"You Worship the Devil!" "You're Homophobic!" ... Um, Guys?

A Tempe family appeared on a billboard this month promoting the Freedom From Religion Foundation in the hope of dispelling some of the myths about nonreligious free-thinkers. The Schinellers — Freddie and Holly and their four children — are pictured alongside the slogan: "Love + critical thinking = open minds."

Sometimes I realize what a bubble I live in. I'm lucky enough to have a supportive family and to live in an area of the country where people don't talk much about religion, much less judge each other for it. But in a place like Tempe, coming out as a nonreligious family is a brave thing.

A quick scan of the Internet reveals some of the more common assumptions about nonbelievers. They include, but are not limited to, the following:

  • We hate religion and religious people.
  • We raise our kids without a moral code.
  • We want to wipe out Christmas.
  • We're liberal, Fox News-bashing, tax-loving socialists.
  • We're arrogant, angry, militant, selfish and generally unpleasant to be around.
  • We secretly believe in God.
  • We turned away from religion because of a bad experience or trauma.
  • We don't believe in charity.
  • We can't be trusted.
  • We enjoy trampling on people's rights to express their religious beliefs in public.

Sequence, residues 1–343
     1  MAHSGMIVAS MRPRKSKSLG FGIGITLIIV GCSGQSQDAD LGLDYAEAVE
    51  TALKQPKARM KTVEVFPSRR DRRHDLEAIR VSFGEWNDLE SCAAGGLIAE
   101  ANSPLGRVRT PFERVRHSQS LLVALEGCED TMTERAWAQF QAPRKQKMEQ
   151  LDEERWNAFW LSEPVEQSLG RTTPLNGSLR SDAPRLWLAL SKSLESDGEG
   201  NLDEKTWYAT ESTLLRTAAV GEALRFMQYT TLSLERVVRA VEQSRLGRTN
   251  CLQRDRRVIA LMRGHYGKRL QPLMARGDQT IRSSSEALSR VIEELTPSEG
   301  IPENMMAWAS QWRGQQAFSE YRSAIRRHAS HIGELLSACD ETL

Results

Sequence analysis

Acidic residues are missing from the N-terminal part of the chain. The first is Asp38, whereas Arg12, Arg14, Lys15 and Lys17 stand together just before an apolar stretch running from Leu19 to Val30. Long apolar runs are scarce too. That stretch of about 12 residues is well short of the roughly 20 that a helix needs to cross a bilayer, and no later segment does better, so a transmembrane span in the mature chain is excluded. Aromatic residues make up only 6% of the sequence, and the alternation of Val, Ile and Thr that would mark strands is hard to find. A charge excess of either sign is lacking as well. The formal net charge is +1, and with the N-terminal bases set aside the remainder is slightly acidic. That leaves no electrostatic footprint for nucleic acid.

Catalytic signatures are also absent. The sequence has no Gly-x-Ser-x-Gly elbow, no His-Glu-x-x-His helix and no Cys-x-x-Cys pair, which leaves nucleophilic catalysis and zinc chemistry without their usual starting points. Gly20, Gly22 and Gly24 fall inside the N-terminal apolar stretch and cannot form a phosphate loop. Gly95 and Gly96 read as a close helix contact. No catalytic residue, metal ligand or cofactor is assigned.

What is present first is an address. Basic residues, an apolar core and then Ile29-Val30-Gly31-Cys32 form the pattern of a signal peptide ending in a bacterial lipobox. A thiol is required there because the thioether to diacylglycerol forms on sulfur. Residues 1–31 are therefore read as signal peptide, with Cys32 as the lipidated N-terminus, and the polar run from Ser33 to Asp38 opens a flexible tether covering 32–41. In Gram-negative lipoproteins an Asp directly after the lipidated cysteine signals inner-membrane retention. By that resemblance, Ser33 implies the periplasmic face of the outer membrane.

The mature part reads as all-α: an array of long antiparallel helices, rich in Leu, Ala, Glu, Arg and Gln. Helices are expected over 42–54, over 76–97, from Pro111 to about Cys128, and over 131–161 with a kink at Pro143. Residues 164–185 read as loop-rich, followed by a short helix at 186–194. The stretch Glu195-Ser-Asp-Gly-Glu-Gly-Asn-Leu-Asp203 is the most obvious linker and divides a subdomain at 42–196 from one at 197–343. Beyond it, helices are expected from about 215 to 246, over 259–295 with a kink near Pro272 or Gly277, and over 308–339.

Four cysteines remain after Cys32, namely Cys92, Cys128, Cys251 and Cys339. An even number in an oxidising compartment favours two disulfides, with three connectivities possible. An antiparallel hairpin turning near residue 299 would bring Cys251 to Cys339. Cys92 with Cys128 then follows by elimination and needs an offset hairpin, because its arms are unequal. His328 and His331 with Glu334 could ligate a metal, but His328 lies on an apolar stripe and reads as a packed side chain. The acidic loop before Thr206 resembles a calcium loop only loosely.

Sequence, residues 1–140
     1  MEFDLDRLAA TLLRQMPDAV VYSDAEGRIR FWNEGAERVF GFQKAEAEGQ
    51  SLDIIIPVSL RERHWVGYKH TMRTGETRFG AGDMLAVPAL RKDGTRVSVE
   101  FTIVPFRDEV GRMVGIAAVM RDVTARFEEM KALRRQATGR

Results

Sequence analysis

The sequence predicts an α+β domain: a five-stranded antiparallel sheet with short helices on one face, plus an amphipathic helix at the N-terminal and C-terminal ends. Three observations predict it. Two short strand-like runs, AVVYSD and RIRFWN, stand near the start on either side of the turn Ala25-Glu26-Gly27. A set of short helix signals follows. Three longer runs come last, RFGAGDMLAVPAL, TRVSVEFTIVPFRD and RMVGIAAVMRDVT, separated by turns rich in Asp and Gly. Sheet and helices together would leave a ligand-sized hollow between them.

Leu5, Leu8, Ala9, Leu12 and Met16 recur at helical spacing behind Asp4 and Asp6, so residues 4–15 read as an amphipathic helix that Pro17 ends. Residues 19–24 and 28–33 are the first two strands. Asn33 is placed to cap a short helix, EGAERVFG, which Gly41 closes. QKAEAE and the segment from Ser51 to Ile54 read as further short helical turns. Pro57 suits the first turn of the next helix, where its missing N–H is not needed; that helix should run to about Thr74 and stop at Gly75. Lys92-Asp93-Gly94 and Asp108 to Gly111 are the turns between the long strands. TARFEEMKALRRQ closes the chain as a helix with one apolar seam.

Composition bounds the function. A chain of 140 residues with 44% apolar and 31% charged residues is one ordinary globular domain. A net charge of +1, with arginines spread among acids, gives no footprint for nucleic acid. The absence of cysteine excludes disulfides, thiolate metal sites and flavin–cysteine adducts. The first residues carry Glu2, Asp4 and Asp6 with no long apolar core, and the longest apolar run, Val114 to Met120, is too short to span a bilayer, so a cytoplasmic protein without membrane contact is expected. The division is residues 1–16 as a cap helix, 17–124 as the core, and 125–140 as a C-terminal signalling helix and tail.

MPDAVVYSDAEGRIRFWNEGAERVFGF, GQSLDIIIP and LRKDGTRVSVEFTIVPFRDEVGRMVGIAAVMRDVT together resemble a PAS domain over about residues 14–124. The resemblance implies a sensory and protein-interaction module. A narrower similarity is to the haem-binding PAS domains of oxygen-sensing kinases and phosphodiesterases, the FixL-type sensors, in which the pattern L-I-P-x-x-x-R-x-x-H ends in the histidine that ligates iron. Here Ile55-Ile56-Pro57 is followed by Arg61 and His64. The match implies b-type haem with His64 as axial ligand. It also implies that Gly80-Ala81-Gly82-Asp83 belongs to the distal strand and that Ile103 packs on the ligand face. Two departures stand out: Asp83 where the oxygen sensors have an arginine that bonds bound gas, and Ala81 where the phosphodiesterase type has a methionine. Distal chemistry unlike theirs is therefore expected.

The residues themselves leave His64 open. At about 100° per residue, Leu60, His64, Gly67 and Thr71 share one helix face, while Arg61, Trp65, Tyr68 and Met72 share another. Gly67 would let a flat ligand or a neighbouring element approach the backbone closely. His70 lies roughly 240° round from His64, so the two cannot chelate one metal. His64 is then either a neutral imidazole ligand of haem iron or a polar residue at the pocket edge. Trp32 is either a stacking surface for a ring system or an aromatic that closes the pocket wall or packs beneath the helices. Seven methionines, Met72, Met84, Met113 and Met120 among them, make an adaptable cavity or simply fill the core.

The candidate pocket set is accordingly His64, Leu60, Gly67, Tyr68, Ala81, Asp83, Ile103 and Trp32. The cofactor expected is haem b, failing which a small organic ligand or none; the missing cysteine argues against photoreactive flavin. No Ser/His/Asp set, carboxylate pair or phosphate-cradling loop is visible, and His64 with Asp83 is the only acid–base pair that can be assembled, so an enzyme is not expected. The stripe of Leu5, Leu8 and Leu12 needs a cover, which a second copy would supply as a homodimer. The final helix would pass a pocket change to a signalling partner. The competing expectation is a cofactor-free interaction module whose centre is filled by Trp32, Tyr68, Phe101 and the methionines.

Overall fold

• And, my personal favorite, we worship the devil.

Now, I'm not particularly fond of any of these stereotypes. I'm even less fond knowing that children might, at any point, suffer as a result of them.  And, like the Schinellers, I lament the fact that my daughter might be judged by the faith of her family and not by the content of her character. (Something tells me that Rev. Martin Luther King Jr. — a man of deep and abiding faith himself — would understand that lament.)

But let's be honest: Stereotyping is a two-way street. Another quick scan of the Internet reveals some of the more common stereotypes about believers:

  • They want to convert everyone else to their point of view.
  • They think everyone outside their faith will go to hell.
  • They're uneducated, conservative and close-minded.
  • They reject evolution and distrust science.
  • They think everything in the Bible is factual and/or the word of God.
  • They support school prayer.
  • They would never elect an atheist president.
  • They're homophobic and sexist.
  • They love Fox News.
  • They use religion as a "Get out of Jail Free Card."
  • They stereotype nonbelievers.

 

Stereotypes may be built on shaky ground, but they still manage to stay standing year after year. I don't know if it's realistic to hope that our generation can shift the tide of public opinion on either side of the religion debate. Or that we can — in small, everyday ways — make the world a kinder, gentler place for our kids. But I think it's possible. And don't we owe it to the Schinellers to try?

In closing, I'll mangle another brilliant line from a 60s icon: Ask not what others can do to break stereotypes about you. Ask what you can do to break stereotypes about them.